As fast as the tattoo culture is growing, so are some of the myths surrounding this ancient fine art of body illustrations. If you are going to get your first tattoo, you will hear quite a bit before walking into the studio – from whether the cost of the tattoo is important (True), to whether you will bleed to death (False), debunking some myths about tattoos will prepare you for the naysayers.
White ink is very painful. False
People say this because white ink is generally the last to be used. If there’s been heavy work done the skin may be sensitive and swollen and returning to these points to apply ink again may feel painful, but the color of the ink has no relevance. FK Irons is proud to carry World Famous inks. Check out their White House and Fuji Mt mixing whites.
Tattoos lose their color intensity and become bluish after time. False
Maybe the inks used 60 years ago – and which not all faded, had a diminishing effect over long periods of time but done with professional equipment and quality inks, tattoos do remain fresh looking.
Tattoos cause cancer. False
Everyone knows to go to a tattoo studio where standards of health and safety are practiced, and where needles are either new or sterilized. This myth may have come about because ingredients in certain red inks contain minerals like cobalt or aluminum. However new, organic inks like White House inks, have been improved to avoid any health concerns.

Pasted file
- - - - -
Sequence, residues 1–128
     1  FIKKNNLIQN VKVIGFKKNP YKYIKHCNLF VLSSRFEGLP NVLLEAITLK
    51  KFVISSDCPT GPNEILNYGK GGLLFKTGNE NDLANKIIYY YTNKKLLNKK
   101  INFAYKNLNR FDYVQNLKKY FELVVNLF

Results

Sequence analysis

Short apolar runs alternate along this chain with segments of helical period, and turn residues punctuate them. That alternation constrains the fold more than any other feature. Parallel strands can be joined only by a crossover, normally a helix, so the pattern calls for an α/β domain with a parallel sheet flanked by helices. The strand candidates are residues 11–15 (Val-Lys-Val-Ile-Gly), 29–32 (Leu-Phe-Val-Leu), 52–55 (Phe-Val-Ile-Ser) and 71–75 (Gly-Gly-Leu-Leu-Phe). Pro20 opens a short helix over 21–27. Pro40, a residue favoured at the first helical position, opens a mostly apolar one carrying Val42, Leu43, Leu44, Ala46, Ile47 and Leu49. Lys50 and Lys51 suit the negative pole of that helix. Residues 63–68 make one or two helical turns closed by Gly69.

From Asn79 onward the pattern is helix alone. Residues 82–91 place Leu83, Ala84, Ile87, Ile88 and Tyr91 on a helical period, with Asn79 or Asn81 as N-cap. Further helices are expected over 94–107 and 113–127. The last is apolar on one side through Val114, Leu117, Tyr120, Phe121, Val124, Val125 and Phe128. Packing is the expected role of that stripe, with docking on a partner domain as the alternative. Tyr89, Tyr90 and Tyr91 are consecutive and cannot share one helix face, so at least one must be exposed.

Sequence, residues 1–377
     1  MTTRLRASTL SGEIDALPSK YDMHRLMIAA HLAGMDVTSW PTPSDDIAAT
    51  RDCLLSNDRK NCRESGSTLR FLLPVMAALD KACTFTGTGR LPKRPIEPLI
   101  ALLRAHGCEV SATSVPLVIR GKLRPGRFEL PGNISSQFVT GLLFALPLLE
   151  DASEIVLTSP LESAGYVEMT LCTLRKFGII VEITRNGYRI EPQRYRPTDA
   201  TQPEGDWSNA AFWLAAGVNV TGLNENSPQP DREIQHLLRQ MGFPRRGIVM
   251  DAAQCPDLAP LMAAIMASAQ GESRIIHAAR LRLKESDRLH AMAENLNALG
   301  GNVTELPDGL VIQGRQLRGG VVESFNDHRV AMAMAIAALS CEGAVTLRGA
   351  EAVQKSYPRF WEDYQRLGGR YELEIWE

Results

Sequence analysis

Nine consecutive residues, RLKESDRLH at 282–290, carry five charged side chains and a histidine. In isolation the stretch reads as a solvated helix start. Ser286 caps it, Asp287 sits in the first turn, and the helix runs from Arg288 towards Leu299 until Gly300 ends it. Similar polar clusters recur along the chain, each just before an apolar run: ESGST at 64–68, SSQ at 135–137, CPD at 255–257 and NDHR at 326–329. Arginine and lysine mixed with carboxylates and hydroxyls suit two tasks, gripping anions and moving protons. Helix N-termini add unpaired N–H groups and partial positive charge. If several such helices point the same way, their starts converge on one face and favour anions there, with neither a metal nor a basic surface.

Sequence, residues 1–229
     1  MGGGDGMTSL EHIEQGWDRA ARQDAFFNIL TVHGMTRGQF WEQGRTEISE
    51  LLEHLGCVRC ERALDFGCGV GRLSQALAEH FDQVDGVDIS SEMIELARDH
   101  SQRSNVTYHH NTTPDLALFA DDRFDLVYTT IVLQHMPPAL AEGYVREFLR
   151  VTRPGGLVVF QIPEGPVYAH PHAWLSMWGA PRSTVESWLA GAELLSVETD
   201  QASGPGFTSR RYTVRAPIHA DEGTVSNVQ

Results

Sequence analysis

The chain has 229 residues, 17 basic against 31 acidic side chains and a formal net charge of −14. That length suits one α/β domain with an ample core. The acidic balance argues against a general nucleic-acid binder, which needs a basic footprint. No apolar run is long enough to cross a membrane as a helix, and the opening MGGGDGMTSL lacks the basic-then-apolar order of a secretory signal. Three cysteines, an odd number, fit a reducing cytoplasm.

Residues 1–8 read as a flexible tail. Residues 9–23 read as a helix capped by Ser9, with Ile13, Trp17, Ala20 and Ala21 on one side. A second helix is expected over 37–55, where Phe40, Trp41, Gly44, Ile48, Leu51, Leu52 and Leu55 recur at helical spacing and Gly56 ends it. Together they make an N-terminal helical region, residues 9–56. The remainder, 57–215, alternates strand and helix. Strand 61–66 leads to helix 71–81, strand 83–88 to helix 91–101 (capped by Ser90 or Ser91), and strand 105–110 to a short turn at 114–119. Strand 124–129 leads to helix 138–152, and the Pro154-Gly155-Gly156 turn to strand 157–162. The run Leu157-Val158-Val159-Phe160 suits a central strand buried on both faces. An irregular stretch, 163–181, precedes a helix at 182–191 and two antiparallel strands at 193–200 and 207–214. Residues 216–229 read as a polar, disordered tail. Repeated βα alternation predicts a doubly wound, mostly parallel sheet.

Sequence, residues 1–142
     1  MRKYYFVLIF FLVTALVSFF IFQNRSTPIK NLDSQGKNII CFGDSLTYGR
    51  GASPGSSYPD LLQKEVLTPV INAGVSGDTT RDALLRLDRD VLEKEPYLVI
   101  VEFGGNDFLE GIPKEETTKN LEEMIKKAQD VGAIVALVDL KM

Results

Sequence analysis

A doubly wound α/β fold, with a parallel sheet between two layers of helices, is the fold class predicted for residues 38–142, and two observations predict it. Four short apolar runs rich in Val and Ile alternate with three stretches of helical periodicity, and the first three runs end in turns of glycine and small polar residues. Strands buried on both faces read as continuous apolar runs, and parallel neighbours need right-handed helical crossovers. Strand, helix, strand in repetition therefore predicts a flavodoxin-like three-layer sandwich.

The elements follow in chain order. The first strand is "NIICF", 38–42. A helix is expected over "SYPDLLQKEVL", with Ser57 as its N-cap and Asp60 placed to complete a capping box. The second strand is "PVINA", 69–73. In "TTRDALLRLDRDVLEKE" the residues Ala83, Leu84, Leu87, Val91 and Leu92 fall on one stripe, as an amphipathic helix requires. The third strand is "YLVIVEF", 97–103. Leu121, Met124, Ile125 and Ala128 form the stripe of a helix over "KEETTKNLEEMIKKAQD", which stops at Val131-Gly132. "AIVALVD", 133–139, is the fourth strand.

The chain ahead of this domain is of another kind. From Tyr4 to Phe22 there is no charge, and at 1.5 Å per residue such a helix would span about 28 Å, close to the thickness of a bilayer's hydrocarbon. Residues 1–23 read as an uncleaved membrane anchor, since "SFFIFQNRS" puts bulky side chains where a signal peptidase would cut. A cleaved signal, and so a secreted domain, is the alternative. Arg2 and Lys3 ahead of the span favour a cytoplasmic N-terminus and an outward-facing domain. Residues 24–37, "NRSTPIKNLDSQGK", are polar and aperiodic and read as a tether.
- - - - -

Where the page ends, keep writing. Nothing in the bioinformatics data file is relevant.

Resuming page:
Don’t drink alcohol after a tattoo. True
Alcohol thins the blood and can cause bleeding during the inking process. This makes a mess on top of adding an extra challenge for the artist. A little extra Vitamin K1 and K2 will help by promoting clotting. Be cautious and cut back your drinking before getting a tattoo and wait until scabs have healed.
FK Irons machines safeguards against health and safety issues. They’re modular and are easily taken apart like the Spektra Xion, Spektra Edge, Halo2 and Direkt2 with the capability of switching from standard membrane needles to cartridge, and are autoclavable – sterilized by steam, for maximum protection against cross-contamination.